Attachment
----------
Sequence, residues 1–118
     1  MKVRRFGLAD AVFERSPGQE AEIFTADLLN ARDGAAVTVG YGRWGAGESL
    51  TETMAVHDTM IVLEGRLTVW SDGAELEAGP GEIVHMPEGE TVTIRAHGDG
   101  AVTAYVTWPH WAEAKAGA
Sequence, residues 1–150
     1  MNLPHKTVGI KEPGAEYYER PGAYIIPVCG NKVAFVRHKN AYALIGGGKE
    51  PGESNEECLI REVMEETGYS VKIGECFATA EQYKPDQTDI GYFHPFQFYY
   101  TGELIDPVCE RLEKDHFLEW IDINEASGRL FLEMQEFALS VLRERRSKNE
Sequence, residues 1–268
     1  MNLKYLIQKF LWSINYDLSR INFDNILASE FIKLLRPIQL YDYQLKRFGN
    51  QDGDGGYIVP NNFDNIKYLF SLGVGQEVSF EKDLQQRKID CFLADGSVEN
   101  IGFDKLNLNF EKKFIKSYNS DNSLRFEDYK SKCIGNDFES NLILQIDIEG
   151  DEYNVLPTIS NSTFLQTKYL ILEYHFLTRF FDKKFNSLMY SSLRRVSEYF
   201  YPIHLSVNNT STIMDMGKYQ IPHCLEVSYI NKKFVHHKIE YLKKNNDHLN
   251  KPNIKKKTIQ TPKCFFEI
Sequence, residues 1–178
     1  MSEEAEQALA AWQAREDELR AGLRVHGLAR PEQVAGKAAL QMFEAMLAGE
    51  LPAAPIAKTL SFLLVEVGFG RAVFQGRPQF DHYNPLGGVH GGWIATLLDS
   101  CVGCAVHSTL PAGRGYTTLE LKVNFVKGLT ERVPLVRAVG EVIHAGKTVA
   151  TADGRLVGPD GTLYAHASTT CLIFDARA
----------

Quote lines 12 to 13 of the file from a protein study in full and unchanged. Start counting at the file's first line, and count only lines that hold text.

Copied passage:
   101  IGFDKLNLNF EKKFIKSYNS DNSLRFEDYK SKCIGNDFES NLILQIDIEG
   151  DEYNVLPTIS NSTFLQTKYL ILEYHFLTRF FDKKFNSLMY SSLRRVSEYF